Phm 1:23-25  “There salute thee Epaphras, my fellowprisoner in Christ Jesus; Marcus, Aristarchus, Demas, Lucas, my fellowlabourers. The grace of our Lord Jesus Christ be with your spirit. Amen.”

Having made his plea to Philemon on Onesimus’ behalf and pledged himself to visit Philemon, Lord willing, Paul brings this letter to a close. In closing, he assures Philemon of the love of not only himself, but other brethren as well. He names five other brothers who send salutation.

The Greek word translated as “salute” literally means “to enfold in the arms” according to Strong’s. It is natural for each generation to suppose they have started something new, but Paul is “sending hugs” to Philemon from the brethren who are with him. Sending an embrace via letter (or today, text or email) is not a new concept. It is a centuries old assurance of affection to the recipient.

One of Paul’s companions at the time was a man named Epaphras. It appears that he was literally a prisoner with Paul. He was also a prisoner for the same reason as Paul. Epaphras loved the Lord Jesus Christ, and apparently was not afraid to say so publicly. It appears from the Colossian letter that Epaphras was a minister of the gospel at Colosse (Col 1:7, 4:12).

Scholars assume that Philemon was from Colosse, so he and Epaphras were probably friends and brothers in a very real sense. Paul’s closing mention of Epaphras would have been an encouraging bit of news to Philemon. Since Paul was obviously hopeful that he would soon be released and could come to Philemon personally (Phm 1:22), it could be implied that Epaphras was also going to be released soon.

Paul’s closing also demonstrated to Philemon that he was not alone. There were apparently brethren who by this time had some measure of liberty to come and go and were able to minister to Paul and Epaphras.(Although Paul identifies Aristarchus as a fellow prisoner in Colossians 4:10, I believe this is why Paul refers to them as fellow laborers as opposed to fellow prisoners in his letter to Philemon.) This would have been a comfort to Philemon since Paul was sending Onesimus back to him.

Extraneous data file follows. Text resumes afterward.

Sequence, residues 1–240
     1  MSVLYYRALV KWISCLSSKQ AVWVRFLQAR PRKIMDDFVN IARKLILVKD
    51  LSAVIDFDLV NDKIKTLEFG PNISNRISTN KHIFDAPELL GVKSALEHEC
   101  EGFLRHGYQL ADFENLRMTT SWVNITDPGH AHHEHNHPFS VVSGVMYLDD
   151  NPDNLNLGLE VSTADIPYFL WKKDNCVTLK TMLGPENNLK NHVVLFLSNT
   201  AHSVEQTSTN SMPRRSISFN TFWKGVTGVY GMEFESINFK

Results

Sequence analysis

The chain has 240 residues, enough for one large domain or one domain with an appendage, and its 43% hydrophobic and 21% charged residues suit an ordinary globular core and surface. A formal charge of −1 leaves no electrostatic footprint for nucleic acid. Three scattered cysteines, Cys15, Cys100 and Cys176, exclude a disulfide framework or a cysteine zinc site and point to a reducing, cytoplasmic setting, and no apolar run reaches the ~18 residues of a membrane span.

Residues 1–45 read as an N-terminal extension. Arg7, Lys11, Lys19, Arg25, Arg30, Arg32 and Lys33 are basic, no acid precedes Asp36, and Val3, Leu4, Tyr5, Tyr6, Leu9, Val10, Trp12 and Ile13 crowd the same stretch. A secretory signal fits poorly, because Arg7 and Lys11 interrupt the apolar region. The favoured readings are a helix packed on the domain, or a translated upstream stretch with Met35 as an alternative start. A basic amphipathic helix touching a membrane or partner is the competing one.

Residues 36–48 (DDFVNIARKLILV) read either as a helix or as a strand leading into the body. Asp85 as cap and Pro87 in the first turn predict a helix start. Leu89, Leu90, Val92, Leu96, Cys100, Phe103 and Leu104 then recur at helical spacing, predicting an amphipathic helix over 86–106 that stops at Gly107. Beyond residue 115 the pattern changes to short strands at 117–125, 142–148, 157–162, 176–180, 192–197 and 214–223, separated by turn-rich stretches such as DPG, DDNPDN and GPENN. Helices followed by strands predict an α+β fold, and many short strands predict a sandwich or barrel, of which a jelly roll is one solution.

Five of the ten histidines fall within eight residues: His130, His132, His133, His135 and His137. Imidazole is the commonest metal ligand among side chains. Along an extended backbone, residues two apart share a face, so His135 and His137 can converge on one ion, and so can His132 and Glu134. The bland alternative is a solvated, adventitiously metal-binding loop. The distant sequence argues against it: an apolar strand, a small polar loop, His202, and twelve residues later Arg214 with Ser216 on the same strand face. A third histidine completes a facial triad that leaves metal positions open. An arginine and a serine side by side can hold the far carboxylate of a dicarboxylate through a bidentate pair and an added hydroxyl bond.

Two of the names should be familiar to us as regular companions of Paul throughout his labors. Marcus, or Mark, was with Paul and Barnabas for part of what is referred to as Paul’s first missionary journey. Although Mark became a source of contention between Paul and Barnabas for a season (Act 15:39), it is apparent in the scripture that the breach was healed and Mark (who was also Barnabas’ nephew – Col 4:10) was much loved by Paul. Peter also speaks very lovingly of Mark in 1Pe 5:13 and according to Acts 12:12-14 they had been acquainted for some time.

The other name that should stand out is that of Lucas, or Luke. He is generally accepted as being a physician, the author of the gospel of Luke, the Acts of the Apostles, and perhaps the book of Hebrews. According to scripture, he was also a travelling companion of Paul on some of his journeys. This can be surmised from the switching between third person (they) and first person (we) accounts in the book of Acts as well as Paul’s mention of Luke in some of his letters (Phm 1:24, Col 4:14, and 2Ti 4:11).

Aristarchus is mentioned three times in Acts (19:29, 20:4, 27:2), once in Colossians (4:10), and in Philemon (1:24). He was apparently a companion to Paul at least from the time the silversmiths stirred up the Ephesians (Act 19:21-29). Demas is mentioned twice as a companion (Col 4:14, Phm 1:24), but then at the last seems to have abandoned the cause of Christ (2Ti 4:10). At this point, only Luke has remained with Paul, and he asks Timothy to come and to bring Mark with him.

Paul’s final words to Philemon are precious and filled with love and faith. These words make recognition of what it is that makes them brothers. “The grace of our {emphasis mine} Lord Jesus Christ…” give glory to God for the bond that exists between Paul, Philemon, and the other brethren mentioned here. Today, our bond is in our Lord Jesus, just as it was in Paul’s day.

Paul’s desire for this grace to be with Philemon’s spirit was a prayer for Philemon’s very existence to be guided by Christ. Should our prayer be any less for our brothers and sisters today? We need to make time every day to lift up the lives of our brothers and sisters in prayer to God that His grace would supply their every need. I pray that He give us wisdom to understand that our greatest need is our need of Him.

May God bless us to rely always on Him, to be thankful for our faithful brothers and sisters, and to know that it is His presence in our lives that makes it so!

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